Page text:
M24xxx Series – Cheap Memory for Microcontrollers

MicroCrystal RV-8803 – A Really Accurate RTC June 17, 2019- RTC chips traditionally were the domain of Maxim and NXP. Switzerland-based MicroCrystal recently made quite a buzz with its RV-8803, which offers simple integration, an I2C interface and extreme accuracy. Let us start out by looking at a system overview. Figure one shows how this I2C RTC is made up internally – interested observers note […]
Analog Devices’ LTM2887 – If a Digital Bus Needs Galvanic Isolation June 15, 2019- In theory, digital buses are intended to connect things to one another. Sadly, one sometimes wants but a logical connection – in many cases, galvanic isolation helps out. Should you ever feel like isolating very fast buses, definitely give the LTM2887 a chance. From a technical point of view, Linear Technologies attempt at entering the […]
AVAGO APDS-9008 or APDS-9005-020 – Keeping an Eye on Ambient Light June 14, 2019- Recent times saw quite a bit of interest for part numbers such as the APDS-9008 or APDS-9005-020 – they are a very interesting type of ambient light sensor. One of the oldest questions in regards to light sensors involves their spectral sensitivity. If a part is to output but one voltage level, the conversion between […]
STMicroelectronics’ LIS2DH12 – Low Power Motion Sensing June 12, 2019- Apple’s iPhone introduced gyroscopic sensors to a wider range – before that, accelerometers were not commonly found in consumer hardware. STM sells excellent parts which, however, get little media attention – time to take a look at the LIS2DH12. Integrating the part into your circuit as an MPU6500 alternative or MPU9500 alternative is not difficult. […]
Panasonic AMG8833 – FLIR for cheap June 7, 2019- FLIR made infrared thermal sensors cool – sadly, their parts are all but cheap (and suffer from export control problems). Panasonic’s Grid-EYE family is a low-resolution alternative which comes at significantly lower cost. From a technical point of view, Panasonic’s image sensor could not be simpler. We are looking at an 8×8 sensor with an […]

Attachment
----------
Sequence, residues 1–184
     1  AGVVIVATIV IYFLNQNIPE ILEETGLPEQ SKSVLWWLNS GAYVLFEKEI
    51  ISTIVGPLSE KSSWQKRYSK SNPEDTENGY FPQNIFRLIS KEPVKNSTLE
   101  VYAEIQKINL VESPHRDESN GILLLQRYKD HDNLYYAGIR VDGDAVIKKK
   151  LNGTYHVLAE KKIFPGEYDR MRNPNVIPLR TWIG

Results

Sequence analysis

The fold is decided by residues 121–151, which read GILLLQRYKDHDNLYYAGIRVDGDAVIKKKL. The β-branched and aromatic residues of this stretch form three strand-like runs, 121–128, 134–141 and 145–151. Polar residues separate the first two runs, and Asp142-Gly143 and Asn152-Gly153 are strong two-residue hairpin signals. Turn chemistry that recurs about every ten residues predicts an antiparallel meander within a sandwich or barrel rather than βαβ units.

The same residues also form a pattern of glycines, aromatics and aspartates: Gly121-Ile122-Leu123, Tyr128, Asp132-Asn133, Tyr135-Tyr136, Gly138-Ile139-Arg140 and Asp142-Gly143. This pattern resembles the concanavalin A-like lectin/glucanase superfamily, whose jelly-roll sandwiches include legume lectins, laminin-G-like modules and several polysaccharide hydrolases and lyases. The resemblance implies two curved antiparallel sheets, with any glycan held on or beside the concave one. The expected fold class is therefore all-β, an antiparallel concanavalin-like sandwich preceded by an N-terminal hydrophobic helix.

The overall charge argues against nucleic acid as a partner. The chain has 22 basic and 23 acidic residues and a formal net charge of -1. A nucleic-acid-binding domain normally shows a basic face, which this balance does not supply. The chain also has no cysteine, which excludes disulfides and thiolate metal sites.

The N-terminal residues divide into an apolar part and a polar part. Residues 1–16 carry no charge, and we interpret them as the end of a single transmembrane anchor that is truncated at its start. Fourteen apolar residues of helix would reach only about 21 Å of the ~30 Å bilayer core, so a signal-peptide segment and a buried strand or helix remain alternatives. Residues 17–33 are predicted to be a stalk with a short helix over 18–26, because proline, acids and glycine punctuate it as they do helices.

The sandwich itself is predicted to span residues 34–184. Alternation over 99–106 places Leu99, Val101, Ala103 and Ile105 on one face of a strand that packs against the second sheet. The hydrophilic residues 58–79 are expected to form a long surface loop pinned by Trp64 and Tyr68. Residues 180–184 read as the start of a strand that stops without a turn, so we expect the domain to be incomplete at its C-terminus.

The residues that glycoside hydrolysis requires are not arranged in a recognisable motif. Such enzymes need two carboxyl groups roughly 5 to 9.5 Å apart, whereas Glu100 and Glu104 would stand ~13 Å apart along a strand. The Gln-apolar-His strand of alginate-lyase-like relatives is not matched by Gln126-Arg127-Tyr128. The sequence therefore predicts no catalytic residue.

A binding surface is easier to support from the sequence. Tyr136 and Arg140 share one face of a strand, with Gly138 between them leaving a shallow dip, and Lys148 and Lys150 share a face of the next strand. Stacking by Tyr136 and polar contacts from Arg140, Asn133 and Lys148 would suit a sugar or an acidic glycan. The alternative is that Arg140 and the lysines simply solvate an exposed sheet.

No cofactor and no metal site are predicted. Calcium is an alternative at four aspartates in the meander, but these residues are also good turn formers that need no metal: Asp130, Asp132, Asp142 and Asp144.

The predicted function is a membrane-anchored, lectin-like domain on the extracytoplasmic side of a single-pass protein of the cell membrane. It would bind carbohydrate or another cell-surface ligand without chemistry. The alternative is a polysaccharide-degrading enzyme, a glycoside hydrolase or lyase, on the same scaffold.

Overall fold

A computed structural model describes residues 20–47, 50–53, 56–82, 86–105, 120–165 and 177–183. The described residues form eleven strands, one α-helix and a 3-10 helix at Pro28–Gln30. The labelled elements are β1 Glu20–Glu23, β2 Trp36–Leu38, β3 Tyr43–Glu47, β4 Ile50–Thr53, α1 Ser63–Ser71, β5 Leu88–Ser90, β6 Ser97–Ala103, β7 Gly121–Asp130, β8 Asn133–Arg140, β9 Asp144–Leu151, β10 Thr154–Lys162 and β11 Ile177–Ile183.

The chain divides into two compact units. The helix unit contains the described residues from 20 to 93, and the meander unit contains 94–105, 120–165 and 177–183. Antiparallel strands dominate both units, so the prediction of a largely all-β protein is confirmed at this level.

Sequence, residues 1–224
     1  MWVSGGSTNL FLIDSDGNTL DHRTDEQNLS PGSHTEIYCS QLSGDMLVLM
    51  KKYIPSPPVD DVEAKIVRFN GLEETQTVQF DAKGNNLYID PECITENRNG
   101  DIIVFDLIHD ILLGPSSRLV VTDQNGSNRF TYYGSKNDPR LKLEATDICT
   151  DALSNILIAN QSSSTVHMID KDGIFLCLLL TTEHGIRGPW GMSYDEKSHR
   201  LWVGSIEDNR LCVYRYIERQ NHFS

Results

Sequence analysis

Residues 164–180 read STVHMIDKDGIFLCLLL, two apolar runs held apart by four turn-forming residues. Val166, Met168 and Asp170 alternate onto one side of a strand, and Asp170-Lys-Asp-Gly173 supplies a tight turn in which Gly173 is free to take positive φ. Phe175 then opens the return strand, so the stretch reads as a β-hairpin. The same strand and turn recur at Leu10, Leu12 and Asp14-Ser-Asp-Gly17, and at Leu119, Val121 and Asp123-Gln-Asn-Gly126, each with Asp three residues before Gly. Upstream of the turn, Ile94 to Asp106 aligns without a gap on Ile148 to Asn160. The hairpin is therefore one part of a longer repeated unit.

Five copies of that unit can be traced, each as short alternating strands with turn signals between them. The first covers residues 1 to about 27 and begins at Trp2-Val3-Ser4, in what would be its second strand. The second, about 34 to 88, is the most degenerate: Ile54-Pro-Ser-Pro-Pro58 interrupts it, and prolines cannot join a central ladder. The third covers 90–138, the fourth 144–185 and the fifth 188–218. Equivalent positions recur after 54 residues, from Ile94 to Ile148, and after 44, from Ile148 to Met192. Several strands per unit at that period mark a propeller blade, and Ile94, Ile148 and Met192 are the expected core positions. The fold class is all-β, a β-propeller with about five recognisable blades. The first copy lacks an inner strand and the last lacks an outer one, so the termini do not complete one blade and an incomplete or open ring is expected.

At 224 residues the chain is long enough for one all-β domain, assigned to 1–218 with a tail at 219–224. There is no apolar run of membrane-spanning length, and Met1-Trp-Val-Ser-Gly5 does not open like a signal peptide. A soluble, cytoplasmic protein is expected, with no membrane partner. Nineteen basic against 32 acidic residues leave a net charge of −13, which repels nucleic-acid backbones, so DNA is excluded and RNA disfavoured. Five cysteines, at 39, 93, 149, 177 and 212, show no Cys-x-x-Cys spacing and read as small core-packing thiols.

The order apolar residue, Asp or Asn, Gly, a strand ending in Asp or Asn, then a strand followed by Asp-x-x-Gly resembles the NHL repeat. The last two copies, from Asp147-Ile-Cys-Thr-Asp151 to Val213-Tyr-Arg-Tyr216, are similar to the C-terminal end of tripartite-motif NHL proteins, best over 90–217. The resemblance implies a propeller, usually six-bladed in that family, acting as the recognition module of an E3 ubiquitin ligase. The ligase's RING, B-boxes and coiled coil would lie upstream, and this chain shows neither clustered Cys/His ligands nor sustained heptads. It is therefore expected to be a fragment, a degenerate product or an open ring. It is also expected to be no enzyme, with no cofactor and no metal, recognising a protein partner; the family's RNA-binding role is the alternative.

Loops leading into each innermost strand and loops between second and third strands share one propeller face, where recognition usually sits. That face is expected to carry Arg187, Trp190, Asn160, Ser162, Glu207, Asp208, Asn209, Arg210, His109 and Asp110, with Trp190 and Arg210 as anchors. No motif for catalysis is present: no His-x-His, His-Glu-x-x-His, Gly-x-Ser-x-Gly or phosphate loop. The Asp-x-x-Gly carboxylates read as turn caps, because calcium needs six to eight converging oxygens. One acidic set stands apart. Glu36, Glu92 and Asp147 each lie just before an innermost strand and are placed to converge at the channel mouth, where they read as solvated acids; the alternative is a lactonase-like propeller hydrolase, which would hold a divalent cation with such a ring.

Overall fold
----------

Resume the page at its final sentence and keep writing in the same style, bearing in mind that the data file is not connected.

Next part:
DipTronics DTS-62R-V – Small Switch, Very Big (and Very Cheap) June 5, 2019- When yours truly was but a lowly cadet, various US manufacturers produced (pricey but quite reliable) switches. Chinese vendors recently started to catch up – seeing the DTS-62R-V top our customer interest list shows that the run stage of the crawl-walk-run cycle is reached. DipTronics has been around the Asian switch market for ages, exhibiting […]

Cheap memory for microcontrollers

No matter how large your microcontroller’s memory might be – in practice, you will always need just a little bit more. In that case, STMicroelectronics’s SPI EEPROM provides a nice alternative to more established players.

Obviously, the biggest advantage of SPI involves the simplicity in connecting the part – you don’t need to worry about limited I2C address ranges or other problems. If your application has a free SPI controller, you are ready to go.



…if multiple CS pins are available, adding SPI EEPROMs becomes really simple

Alternatively, an SPI MUX can be driven from the GPIO port bank in a fashion similar to the bank switching implemented in Solomon Systech’s display controllers. Either way, the maximum permitted clock frequency is set at relatively speedy 5MhZ. STM simplifies the design of such boxes by providing a dedicated hold output input. If hold is activated, the serial data output line becomes high independence, while inputs and clock inputs are discarded silently.

A question of complications

ST‘s part differs from its colleagues in that it’s memory is organized in a set of banks. The total amount of spacious 2Mbit is divided into a groups of pages made up of 256 bytes each, one of which can be designated as a read only identification page intended to store serial numbers and similar information.

Actually interacting with the SPI flash then is accomplished via a set of dedicated instructions shown in the figure.

Eight bit instructions set the operational mode of the chip


Finally, keep in mind that ST also goes after the extremely lucrative I2C EEPROM market. Their offering for this market is called M24xxx. Both chip families are automotive certified, thereby permitting their usage in challenging environments.